Welcome to October, the month when we turn to all things dark and haunted. I call it “Poetober” as a tribute to Edgar Allan Poe, King of Creepiness.

I love this time of year. The weather starts to turn cooler, leaves change color, and monsters go bump in the night. By way of celebration, I take in as many thrilling, spooky stories as I can, whether in written or video form. I’m not a huge fan of over-the-top violence or gore, but anything spooky that messes with my head is a good time.

This year, I have a huge pile of Poetober books to read. It’s doubtful I’ll get through them all, but here’s my list:

Ghostly: A Collection of Ghost Stories (Audrey Niffenegger)

I’m starting with this collection of short stories. The first one was a perfectly creepy Edgar Allan Poe story (“The Black Cat”) and it was an amazing way to kick of my Poetober.

Tales of the Macabre (Edgar Allan Poe)

It took me over a year to track down this book. I think I first saw it posted by The Bloggess and it was so beautiful that I had to have it. I contacted the publisher, local stores, Amazon, national booksellers. I ordered it on Amazon, despite being out of stock, in November 2014. I received it in December 2015.

 

Abandoned America: The Age of Consequences (Matthew Christopher)

It’s a coffee table book full of photos of abandoned spaces. Churches, schools, industrial plants, hotels, homes, etc. I love imagining the history in places no longer serving the living.

Bad Dreams and Other Stories (Tessa Hadley)

This is a short story collection. While it isn’t necessarily about ghosts and murder, the stories are of a psychological nature so they should be satisfying.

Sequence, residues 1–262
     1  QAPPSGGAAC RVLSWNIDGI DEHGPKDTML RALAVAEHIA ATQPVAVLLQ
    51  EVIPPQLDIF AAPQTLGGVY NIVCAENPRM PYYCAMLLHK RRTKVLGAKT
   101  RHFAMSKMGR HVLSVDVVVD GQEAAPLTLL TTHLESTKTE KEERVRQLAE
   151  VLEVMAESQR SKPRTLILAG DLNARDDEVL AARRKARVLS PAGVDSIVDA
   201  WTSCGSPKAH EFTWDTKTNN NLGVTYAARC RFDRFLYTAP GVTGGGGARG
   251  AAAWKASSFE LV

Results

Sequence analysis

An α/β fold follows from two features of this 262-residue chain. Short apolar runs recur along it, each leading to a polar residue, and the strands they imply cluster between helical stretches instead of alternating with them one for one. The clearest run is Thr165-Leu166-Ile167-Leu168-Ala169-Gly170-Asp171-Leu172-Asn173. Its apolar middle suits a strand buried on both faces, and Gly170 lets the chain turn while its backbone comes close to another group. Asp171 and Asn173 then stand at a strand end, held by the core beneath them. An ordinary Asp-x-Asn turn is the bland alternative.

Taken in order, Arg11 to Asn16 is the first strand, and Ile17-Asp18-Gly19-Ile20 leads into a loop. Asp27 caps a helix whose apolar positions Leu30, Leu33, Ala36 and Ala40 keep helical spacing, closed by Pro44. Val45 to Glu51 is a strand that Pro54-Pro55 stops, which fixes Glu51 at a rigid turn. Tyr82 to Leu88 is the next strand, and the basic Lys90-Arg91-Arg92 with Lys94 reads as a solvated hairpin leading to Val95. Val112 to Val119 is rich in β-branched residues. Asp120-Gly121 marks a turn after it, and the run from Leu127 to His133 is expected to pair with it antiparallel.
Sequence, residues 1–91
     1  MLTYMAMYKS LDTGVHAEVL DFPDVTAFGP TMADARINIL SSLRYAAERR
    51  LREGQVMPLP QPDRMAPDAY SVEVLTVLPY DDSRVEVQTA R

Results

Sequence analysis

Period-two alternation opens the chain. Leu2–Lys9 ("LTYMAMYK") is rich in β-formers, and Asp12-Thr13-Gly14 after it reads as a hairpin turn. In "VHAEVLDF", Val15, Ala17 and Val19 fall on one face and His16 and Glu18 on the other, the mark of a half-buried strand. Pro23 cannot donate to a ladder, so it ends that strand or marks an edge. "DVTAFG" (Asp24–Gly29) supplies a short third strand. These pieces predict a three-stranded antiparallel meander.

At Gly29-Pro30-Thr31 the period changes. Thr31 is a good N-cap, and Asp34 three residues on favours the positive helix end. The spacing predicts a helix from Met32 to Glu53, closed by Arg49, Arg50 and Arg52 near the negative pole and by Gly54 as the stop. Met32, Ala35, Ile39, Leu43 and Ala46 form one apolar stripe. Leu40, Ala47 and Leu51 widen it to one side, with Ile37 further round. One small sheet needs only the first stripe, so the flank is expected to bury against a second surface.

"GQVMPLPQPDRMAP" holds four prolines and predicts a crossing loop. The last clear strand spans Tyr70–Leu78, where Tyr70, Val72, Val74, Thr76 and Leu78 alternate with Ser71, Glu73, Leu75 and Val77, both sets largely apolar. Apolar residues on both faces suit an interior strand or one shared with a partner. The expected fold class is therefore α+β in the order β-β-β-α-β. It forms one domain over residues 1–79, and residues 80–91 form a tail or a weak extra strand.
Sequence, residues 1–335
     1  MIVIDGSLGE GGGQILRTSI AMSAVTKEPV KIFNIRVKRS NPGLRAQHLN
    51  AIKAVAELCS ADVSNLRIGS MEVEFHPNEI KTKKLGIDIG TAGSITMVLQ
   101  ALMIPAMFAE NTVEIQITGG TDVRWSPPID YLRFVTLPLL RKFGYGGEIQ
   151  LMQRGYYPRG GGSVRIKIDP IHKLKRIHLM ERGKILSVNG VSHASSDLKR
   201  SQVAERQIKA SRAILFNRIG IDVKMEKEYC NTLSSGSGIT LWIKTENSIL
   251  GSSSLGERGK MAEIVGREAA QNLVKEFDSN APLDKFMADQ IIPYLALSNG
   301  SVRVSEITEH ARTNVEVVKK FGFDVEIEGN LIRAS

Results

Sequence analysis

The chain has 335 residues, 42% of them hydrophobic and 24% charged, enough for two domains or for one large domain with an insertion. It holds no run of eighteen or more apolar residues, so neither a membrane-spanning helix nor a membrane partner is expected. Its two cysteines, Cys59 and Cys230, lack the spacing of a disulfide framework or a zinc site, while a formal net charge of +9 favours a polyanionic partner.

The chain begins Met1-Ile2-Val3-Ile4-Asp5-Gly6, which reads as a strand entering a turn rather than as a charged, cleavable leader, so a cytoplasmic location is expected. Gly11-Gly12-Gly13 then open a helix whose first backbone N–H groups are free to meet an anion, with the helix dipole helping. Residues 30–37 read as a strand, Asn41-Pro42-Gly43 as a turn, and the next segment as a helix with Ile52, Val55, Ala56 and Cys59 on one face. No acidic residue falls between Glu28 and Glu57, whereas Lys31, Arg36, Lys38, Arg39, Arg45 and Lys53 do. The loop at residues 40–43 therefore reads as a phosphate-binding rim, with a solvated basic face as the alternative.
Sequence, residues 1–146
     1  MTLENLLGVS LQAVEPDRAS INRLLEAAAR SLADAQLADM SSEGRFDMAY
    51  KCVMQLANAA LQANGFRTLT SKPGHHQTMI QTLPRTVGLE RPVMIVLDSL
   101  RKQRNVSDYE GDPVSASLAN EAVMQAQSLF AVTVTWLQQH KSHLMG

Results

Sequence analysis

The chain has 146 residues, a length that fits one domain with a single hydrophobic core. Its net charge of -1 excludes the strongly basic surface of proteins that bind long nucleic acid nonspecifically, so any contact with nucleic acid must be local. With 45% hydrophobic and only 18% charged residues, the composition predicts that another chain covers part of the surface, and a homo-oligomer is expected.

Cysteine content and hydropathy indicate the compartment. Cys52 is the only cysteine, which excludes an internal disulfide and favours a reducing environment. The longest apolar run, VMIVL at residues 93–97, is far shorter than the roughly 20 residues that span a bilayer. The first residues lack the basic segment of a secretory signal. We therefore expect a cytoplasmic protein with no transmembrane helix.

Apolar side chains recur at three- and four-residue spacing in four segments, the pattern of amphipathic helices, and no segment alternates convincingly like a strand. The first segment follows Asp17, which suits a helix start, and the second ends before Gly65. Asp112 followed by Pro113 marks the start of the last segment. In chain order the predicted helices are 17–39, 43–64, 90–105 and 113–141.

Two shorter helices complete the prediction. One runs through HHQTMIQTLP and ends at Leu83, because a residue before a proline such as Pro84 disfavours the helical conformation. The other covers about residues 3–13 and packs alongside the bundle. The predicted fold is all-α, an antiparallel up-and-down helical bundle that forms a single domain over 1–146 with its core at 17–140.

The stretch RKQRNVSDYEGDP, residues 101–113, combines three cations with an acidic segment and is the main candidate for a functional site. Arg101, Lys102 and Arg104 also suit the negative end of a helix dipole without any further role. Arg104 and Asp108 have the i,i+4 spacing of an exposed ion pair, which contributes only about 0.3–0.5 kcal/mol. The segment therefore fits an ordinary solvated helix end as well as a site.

His Bloody Project (Graeme Macrae Burnet)

I picked this up in Amsterdam this summer. Mike actually suggested it based on the topic (it’s nice that my husband indulges my enjoyment of the creep-factor). Once I read the description and saw it was a Man Booker Finalist, I snatched it right up!

Poems Bewitched and Haunted (John Hollander)

I’ve already established that I’m not a huge fan of poetry, but I continue to read it occasionally. When I saw this collection on a recent trip to New Orleans, it seemed perfect for Poetober. It doesn’t hurt that it’s a beautiful book. If I can’t enjoy haunted poetry, nothing else stands a chance.

Scary Stories Box Set (Alvin Schwartz)

This box set of three books includes the original “Scary Stories to Tell in the Dark,” which I read in March. A friend bought these for me, and I don’t think I’ve ever read the second and third book. Also, this edition has illustrations by a different illustrator. Since these are for young readers, it won’t take long to read them.

I’m also watching plenty of dark television and movies. Here are a few possibilities:

  • Stephen King’s It (1990 version)
  • It (2017 version)
  • mother!
  • It’s the Great Pumpkin, Charlie Brown (annual tradition!)
  • The Witch
  • The Craft
  • Little Evil
  • And plenty of Hitchcock

If you have any suggestions, either to read or to watch, leave a note in the comments below. And let me know how you feel about the Poetober theme and scary/suspenseful media.

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